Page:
TABLE VI__________________________________________________________________________ A B C D E F G H__________________________________________________________________________Aged Physical PropertiesCir. Air Oven Aging - 70 hrs. @ 121° C.; United Die CTensile, psi 3203 680 1044 1244 1215 1441 1699 2618% retained 97 22 35 38 37 43 56 79Elongation, % 286 41 47 42 59 48 56 50% retained 78 19 31 33 32 32 51 65Hardness, 72 79 82 85 82 86 84 89Shore APoint Change 3 6 4 4 -6 3 3 2Fluid Aging 70 hrs. @ 100° C., ASTM #3 Oil/United Die CTensile, psi 2967 2907 2878 2338 3023 3267 2770 2425% retained 90 94 96 72 92 98 92 73Elongation, % 331 195 131 92 163 132 97 59% retained 91 91 87 73 88 88 88 77Hardness, 63 67 72 77 69 80 76 84Shore APoint Change -6 -6 -6 -4 -19 -3 -5 -3Vol. Swell, % 16.7 17.5 14.6 13.8 13.9 12.8 13.0 13.9Aged Physical PropertiesFluid Aging 70 hrs. @ RT, ASTM Fuel B/United Die CTensile, psi 1285 1135 908 1648 1254 1541 1451 1389% retained 39 37 30 51 38 46 48 42Elongation, % 174 109 68 76 91 81 65 40% retained 48 51 45 60 49 54 59 52Hardness, 57 63 68 74 69 74 73 80Shore APoint Change -12 -10 -10 -07 -19 -09 -08 -07Vol. Swell, % 34.9 35.8 32.6 30.6 31.5 30.4 32.4 28.9Aged Physical PropertiesFluid Aging 70 hrs. @ 100° C., Water/United Die CTensile, psi 3026 3123 3378 3423 3308 3033 3146 3046% retained 92 100 112 106 100 91 105 92Elongation, % 335 221 518 869 191 146 761 81% retained 92 103 345 690 103 97 692 105Hardness, 65 71 75 80 77 81 78 85Shore APoint Change -4 -2 -3 -1 -11 -2 -3 -2Vol. Swell, % 2.7 2.5 2.0 0.3 0.3 2.4 3.3 4.2__________________________________________________________________________
The experimental coagent HQDMA (runs G and H) shows considerable improvement over the values obtained with commercial coagents (columns C-F). Compression set increases with increase in level of co-curing agent in both experimental and control runs. At the 5 phr level, experimental samples (run G) showed about 25% lower compression set on a relative basis, or 2.5 percentage points lower on an absolute basis, than those containing a 5 phr. of SR.350 (run C). Samples compounded with the other comparative agent, SR.365, showed much higher compression set (run E).
Experimental samples (runs G and H) showed significantly better air aging than did samples employing any of the comparative coagents (runs C-F). Experimental samples containing 5 phr of coagent (run G) retained 56% of original tensile strength and 51% of original elongation; those containing 10 phr of experimental coagent (run H) retains 79% of original tensile strength and 65% of original elongation. This represents an outstanding improvement over results obtained with comparative coagents (runs C-F) and a remarkable increase over values obtained in the peroxide-cured control (run B). Air oven aging performance is typically poor for peroxide cured stocks. In this study, performance is even worse since the only antioxidant present is the raw polymer stabilizer.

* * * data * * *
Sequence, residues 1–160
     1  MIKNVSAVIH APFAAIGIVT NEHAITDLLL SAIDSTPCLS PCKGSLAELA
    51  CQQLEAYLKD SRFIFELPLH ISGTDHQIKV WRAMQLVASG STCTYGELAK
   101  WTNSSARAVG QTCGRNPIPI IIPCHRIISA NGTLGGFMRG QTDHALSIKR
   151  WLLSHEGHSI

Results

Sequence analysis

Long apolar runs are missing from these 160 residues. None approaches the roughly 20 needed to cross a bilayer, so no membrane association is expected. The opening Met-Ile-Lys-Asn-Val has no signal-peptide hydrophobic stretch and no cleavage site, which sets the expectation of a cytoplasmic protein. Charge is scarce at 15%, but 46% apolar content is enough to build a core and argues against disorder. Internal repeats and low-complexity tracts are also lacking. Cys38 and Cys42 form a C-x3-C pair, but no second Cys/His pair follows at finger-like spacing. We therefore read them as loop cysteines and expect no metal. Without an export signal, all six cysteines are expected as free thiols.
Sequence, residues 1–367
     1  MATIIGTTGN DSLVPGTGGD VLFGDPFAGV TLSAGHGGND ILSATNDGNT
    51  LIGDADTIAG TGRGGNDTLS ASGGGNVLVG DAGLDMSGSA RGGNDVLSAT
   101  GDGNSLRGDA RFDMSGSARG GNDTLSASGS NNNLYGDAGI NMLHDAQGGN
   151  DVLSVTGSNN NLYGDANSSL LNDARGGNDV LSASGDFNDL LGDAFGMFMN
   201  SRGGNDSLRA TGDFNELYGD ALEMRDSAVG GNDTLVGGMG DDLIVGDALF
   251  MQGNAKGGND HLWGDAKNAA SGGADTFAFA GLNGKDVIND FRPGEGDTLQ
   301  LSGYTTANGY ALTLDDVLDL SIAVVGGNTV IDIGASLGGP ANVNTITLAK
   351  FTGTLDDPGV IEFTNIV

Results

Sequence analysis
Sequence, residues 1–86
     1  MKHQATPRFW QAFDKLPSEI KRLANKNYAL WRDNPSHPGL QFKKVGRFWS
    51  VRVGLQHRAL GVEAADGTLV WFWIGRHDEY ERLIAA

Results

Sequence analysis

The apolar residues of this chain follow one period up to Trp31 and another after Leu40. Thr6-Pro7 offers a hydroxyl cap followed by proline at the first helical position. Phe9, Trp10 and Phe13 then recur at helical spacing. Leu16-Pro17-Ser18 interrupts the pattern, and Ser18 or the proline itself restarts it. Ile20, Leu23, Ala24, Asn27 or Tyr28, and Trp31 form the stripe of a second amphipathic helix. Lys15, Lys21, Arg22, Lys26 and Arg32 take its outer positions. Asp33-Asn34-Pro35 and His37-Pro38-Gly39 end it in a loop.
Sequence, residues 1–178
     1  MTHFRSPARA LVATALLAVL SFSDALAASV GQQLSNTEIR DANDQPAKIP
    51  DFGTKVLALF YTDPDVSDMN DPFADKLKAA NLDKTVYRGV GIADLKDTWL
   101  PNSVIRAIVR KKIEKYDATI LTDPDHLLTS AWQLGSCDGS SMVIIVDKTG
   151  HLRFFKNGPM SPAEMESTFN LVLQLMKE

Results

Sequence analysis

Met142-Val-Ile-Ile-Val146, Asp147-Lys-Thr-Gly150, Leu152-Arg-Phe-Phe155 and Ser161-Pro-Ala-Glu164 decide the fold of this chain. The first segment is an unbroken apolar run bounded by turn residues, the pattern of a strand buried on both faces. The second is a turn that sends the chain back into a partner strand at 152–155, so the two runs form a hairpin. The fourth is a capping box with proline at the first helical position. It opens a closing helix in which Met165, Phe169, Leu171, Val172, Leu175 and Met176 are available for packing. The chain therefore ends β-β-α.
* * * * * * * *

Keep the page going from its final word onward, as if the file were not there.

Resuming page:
Fluid aging tests in liquid media did not show any major differences between experimental and comparative samples.
While certain representative embodiments and details have been shown for the purpose of illustrating the invention, it will be apparent to those skilled in the art that various changes and modifications may be made therein without departing from the spirit or scope of the invention.
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|U.S. Classification||525/305, 525/304, 525/303|
|International Classification||C08F255/00, C08F255/06, C08F279/02, C08F8/00, C08F279/00|
|Cooperative Classification||C08F279/02, C08F255/06, C08F8/00|
|European Classification||C08F8/00, C08F255/06, C08F279/02|
|Feb 17, 1994||AS||Assignment|
Owner name: GOODYEAR TIRE & RUBBER COMPANY, THE, OHIO
Free format text: ASSIGNMENT OF ASSIGNORS INTEREST;ASSIGNORS:COTTMAN, KIRKWOOD S.;ROLLICK, KEVIN L.;REEL/FRAME:006856/0805
Effective date: 19930907